Cooking the baingan bharta:
So you have your roasted eggplant, which gets peeled and chopped up to be ready to use.
And now we build flavor. Starting with frying whole cumin seed in oil to release all those fat soluble flavor molecules.
Then we add in aromatics, garlic and ginger for a flash fry before adding onion and chili peppers.
You can use whatever peppers you want but I love fresh ones in this recipe! Serranos, jalapeños, or wahtever peppers you find at an Indian market will be great in here.
The onion gets cooked enough to soften and lightly brown, then add in the ground spices and tomatoes.
Often with Indian cooking I use canned tomatoes because these are the best quality, they keep my cooking pantry friendly, and if we’re being honest, tomatoes are only really good during late summer when they’re fresh off the vine.
But if you prefer you can always use fresh tomatoes! You’ll want to substitute 1 1/2 to 2 cups chopped tomato.
For spices beyond the cumin seed I add turmeric and ground coriander. If you want to up the heat you can add some ground hot pepper like ground cayenne or Indian chili powder.
After a couple of minutes for the tomatoes to cook down, add in the chopped eggplant and let it cook in so the flavors meld.
The last note of importance is to make sure you add enough salt! If your Indian cooking lacks pizzazz and falls flat, you likely didn’t add enough salt. Salt brings out alllll the flavor!
Garnish your baingan bharta with some fresh cilantro at minimum (unless you hate cilantro). You can also add some chopped white onion for garnish.
If you hate cilantro, try adding in a bit of a mint garnish!
I like this dish with some flatbread like my homemade naan, chapati (pictured here in these photos), or paratha. It’s also great with fragrant and buttery tasting basmati rice.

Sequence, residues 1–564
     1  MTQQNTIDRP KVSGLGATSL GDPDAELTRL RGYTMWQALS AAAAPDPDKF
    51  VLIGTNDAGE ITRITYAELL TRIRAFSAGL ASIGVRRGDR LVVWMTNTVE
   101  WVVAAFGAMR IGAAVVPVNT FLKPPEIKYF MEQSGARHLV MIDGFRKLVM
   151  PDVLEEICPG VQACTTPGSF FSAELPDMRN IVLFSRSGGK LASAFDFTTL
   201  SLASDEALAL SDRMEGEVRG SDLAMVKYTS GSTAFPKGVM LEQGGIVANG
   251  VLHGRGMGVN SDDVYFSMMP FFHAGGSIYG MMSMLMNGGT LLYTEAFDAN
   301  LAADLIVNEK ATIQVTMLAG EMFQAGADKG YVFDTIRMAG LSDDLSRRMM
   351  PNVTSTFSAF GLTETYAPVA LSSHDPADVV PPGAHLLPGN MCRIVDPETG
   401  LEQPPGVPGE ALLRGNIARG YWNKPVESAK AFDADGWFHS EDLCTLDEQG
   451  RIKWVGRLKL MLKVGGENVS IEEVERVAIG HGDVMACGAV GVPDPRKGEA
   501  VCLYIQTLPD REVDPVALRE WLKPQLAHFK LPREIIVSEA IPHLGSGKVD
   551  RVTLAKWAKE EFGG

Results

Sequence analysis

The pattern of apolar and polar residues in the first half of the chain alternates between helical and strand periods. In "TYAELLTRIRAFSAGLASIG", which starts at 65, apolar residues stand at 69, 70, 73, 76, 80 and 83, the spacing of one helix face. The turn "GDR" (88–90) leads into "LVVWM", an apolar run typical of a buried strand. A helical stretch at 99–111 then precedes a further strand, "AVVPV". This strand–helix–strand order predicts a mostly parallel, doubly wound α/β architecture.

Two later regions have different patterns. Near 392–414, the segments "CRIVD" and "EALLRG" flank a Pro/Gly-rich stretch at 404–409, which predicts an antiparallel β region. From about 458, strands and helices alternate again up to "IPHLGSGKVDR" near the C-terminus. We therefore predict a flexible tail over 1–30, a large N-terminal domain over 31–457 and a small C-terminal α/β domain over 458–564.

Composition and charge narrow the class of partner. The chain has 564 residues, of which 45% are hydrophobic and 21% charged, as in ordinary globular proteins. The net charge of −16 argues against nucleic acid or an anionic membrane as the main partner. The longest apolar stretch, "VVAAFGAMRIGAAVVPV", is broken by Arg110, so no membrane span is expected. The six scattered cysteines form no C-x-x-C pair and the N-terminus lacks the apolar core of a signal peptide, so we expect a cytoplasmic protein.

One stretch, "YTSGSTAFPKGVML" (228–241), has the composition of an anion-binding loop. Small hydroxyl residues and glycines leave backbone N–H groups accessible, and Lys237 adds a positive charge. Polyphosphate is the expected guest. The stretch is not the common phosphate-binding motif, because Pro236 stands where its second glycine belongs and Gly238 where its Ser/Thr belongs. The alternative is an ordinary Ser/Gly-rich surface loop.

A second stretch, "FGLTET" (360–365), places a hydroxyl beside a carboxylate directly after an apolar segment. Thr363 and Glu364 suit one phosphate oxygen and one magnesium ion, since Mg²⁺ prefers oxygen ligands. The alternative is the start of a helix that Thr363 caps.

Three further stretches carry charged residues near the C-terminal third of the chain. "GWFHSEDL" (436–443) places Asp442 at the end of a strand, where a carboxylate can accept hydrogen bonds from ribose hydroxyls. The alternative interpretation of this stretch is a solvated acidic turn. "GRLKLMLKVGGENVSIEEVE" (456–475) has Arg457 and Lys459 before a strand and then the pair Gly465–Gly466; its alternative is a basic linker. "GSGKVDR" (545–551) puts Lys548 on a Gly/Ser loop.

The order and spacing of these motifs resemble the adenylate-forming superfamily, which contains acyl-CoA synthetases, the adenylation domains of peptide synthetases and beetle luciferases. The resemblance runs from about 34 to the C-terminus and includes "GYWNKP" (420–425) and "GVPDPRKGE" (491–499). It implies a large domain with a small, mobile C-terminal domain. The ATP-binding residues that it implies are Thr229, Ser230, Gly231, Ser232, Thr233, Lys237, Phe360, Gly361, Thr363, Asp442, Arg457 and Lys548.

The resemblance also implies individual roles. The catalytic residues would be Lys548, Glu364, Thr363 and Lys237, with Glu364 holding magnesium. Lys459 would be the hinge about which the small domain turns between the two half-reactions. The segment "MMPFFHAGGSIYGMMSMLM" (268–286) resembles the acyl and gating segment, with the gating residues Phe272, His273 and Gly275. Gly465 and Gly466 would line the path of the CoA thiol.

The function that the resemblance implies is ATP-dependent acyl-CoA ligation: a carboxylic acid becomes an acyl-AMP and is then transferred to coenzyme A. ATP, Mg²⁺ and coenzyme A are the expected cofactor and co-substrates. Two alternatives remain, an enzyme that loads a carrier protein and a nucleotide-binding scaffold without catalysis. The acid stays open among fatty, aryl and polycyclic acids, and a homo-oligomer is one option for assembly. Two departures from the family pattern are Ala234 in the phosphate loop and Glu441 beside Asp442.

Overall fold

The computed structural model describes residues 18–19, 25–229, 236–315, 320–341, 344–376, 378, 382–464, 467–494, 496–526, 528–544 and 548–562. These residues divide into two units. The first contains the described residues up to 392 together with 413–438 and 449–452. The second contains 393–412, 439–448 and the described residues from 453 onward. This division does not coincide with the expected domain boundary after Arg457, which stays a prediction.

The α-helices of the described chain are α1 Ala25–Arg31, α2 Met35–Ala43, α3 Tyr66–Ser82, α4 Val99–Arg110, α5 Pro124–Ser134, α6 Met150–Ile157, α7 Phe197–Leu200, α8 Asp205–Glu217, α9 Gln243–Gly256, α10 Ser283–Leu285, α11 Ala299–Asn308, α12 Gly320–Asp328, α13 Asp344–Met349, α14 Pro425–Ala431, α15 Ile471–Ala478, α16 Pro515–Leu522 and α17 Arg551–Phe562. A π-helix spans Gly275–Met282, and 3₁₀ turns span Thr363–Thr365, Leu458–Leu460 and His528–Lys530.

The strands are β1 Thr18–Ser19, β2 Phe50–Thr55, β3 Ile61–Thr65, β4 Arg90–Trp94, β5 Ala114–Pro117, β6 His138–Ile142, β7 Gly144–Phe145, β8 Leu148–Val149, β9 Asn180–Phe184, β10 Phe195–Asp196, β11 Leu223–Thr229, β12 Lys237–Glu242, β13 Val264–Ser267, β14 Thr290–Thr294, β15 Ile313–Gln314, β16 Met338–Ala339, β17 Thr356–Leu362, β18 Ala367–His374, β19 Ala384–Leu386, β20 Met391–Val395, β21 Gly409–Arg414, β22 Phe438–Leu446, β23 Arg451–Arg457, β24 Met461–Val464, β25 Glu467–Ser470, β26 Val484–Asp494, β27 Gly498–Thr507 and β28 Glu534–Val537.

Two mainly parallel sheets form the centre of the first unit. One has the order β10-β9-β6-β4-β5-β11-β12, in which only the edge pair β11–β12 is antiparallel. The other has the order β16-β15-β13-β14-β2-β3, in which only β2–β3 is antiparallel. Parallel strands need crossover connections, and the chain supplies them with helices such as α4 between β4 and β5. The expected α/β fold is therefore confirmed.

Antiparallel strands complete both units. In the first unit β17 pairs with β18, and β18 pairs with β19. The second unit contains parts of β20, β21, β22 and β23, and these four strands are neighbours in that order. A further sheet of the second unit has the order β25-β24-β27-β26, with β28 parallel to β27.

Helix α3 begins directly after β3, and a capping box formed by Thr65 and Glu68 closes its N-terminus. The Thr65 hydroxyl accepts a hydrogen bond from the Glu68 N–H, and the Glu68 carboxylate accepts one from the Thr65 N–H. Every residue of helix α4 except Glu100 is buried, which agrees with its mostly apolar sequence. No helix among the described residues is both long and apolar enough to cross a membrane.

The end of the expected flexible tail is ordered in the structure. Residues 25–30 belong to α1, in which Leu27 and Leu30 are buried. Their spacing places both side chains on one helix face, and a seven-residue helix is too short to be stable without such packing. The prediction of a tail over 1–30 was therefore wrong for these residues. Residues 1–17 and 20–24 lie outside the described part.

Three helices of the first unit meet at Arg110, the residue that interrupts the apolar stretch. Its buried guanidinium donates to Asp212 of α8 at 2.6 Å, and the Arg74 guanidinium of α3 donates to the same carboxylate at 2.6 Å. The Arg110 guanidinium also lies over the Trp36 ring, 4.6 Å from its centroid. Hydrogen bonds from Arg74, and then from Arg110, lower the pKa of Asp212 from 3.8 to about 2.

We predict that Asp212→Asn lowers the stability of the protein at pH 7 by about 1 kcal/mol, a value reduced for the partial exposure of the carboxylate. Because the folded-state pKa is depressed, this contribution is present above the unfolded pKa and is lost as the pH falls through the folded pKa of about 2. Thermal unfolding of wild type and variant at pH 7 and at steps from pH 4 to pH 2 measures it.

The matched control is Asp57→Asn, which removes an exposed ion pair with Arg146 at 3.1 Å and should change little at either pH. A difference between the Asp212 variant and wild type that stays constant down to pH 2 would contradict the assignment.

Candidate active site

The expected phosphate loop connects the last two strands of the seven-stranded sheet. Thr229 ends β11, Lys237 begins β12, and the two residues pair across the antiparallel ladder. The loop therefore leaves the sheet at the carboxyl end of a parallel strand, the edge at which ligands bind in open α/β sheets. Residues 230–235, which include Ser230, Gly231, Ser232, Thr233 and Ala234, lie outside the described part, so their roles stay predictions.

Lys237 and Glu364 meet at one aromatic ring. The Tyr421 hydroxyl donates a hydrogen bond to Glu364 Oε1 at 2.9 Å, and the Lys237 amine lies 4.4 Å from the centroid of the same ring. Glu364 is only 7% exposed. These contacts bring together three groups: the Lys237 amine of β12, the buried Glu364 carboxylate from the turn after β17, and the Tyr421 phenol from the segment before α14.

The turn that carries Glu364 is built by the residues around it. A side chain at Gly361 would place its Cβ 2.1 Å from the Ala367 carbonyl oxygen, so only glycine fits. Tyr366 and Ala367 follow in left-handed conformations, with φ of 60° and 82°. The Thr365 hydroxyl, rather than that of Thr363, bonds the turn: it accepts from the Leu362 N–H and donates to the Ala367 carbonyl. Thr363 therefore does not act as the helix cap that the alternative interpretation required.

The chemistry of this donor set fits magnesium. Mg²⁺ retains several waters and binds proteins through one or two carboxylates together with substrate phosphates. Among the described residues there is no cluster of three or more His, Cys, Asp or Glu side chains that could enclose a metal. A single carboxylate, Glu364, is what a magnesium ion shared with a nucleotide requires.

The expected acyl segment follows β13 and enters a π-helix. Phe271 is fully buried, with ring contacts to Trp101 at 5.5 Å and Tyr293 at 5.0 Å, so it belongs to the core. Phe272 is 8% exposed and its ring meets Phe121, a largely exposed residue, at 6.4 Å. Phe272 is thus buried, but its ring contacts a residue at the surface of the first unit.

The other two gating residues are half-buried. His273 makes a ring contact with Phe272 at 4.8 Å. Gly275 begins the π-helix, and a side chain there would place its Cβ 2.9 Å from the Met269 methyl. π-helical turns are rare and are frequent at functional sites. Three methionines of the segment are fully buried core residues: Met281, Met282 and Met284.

If you like to cool down your Indian food make sure to serve it with dahi (plain yogurt) or raita (seasoned yogurt).
But I promise I wont tell if you just want to eat a big bowl of rice or bread and baingan bharta! Trust me, I get it.
If you make this baingan bharta, leave a comment below and rate the recipe on the recipe card. And please share your photos with me on Instagram, tag @thecuriouschickpea and #thecuriouschickpea. I love seeing your recreations!
WANT MORE DELICIOUS VEGAN RECIPES?
SIGN UP FOR MY EMAIL NEWSLETTER & FOLLOW ME ON INSTAGRAM, FACEBOOK, AND PINTEREST!
- ~1 1/2 lbs (2 medium to large) eggplants
- 1 tbsp oil
- 1 tsp whole cumin seed
- 4-6 cloves garlic, minced
- 1 tsp minced fresh ginger
- 1 yellow onion, diced
- 1-2 green hot chili peppers, or to taste
- 1 tsp ground coriander
- 1/2 tsp turmeric
- 1 tsp salt, or to taste
- 1 15oz can chopped tomatoes
- cilantro for garnish
- Rub the eggplants with oil and line gas stove with foil (for easier cleanup). Cook the eggplant one at a time over medium-high flame, rotating every 2-3 minutes, until the eggplant is ultra tender and the skins are blackened. This can take 8-12 minutes depending on the size of the eggplant.
To cook under the broiler: Place eggplants on a baking dish and set up about 6-inches from the broiler. Broil on high until the skins are blackened and eggplant is tender, turning every few minutes to cook evenly. Alternatively you can also cook the eggplant on an outdoor grill.
- Let the eggplant cool, then peel off the blackened skin and roughly chop.
- Heat a large skillet over medium heat and add the tablespoon of oil and cumin seed. Let fry for about 15 seconds or until the cumin is fragrant and a shade darker. Add the garlic and ginger and let it cook another 30 seconds.
- Add the onion and chili peppers along with a pinch of salt. Cook for 4-5 minutes or until the onion is lightly browned.
- Stir in the ground coriander, turmeric, and the salt, then add the tomatoes and cook for about 3 minutes or until tomatoes start to break down.
- Add the chopped eggplant and any of their juices and cook on medium-low heat for 5-10 minutes to let flavors meld. Adjust salt and seasoning to taste. Garnish with plenty of minced cilantro to serve.
This recipe serves 6 as a side dish and accompanied with rice and/or bread. If eating it as a main dish you may find it only makes 2-4 servings.
Nutrition Information:Yield: 6 Serving Size: 1
Amount Per Serving: Calories: 87Total Fat: 3gSodium: 394mgCarbohydrates: 16gFiber: 4gSugar: 6gProtein: 2g
Nutrition is calculated automatically so should be used as an estimate.